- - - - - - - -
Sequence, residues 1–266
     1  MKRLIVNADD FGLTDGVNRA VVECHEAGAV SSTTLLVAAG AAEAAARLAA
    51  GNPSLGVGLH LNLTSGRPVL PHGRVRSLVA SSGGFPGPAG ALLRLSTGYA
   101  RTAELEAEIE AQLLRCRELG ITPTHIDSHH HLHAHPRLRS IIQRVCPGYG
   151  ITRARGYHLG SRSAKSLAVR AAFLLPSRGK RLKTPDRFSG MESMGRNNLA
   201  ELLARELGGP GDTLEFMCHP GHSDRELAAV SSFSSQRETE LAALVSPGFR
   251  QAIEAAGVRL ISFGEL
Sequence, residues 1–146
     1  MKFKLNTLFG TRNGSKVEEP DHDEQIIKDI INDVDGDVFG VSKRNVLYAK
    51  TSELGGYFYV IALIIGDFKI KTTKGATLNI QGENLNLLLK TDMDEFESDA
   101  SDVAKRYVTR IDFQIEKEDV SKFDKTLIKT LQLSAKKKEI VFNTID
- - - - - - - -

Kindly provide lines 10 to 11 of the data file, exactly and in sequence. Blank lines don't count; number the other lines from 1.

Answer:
    51  TSELGGYFYV IALIIGDFKI KTTKGATLNI QGENLNLLLK TDMDEFESDA
   101  SDVAKRYVTR IDFQIEKEDV SKFDKTLIKT LQLSAKKKEI VFNTID